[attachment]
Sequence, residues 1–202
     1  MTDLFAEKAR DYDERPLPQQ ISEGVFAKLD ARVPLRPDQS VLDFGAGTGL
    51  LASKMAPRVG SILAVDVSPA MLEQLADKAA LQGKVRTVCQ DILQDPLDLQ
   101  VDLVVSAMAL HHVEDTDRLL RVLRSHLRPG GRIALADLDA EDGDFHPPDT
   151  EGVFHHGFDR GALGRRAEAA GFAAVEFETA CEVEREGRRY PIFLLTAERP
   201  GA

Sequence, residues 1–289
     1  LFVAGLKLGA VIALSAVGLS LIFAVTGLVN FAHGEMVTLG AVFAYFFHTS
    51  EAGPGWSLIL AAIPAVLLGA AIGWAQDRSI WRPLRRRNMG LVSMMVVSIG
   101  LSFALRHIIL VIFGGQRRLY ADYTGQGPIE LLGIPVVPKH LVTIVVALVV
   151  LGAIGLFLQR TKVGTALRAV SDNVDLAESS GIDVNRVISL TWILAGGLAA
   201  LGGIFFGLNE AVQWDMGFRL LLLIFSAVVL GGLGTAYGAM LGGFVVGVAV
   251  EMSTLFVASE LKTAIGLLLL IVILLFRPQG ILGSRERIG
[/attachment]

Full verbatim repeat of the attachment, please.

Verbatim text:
Sequence, residues 1–202
     1  MTDLFAEKAR DYDERPLPQQ ISEGVFAKLD ARVPLRPDQS VLDFGAGTGL
    51  LASKMAPRVG SILAVDVSPA MLEQLADKAA LQGKVRTVCQ DILQDPLDLQ
   101  VDLVVSAMAL HHVEDTDRLL RVLRSHLRPG GRIALADLDA EDGDFHPPDT
   151  EGVFHHGFDR GALGRRAEAA GFAAVEFETA CEVEREGRRY PIFLLTAERP
   201  GA

Sequence, residues 1–289
     1  LFVAGLKLGA VIALSAVGLS LIFAVTGLVN FAHGEMVTLG AVFAYFFHTS
    51  EAGPGWSLIL AAIPAVLLGA AIGWAQDRSI WRPLRRRNMG LVSMMVVSIG
   101  LSFALRHIIL VIFGGQRRLY ADYTGQGPIE LLGIPVVPKH LVTIVVALVV
   151  LGAIGLFLQR TKVGTALRAV SDNVDLAESS GIDVNRVISL TWILAGGLAA
   201  LGGIFFGLNE AVQWDMGFRL LLLIFSAVVL GGLGTAYGAM LGGFVVGVAV
   251  EMSTLFVASE LKTAIGLLLL IVILLFRPQG ILGSRERIG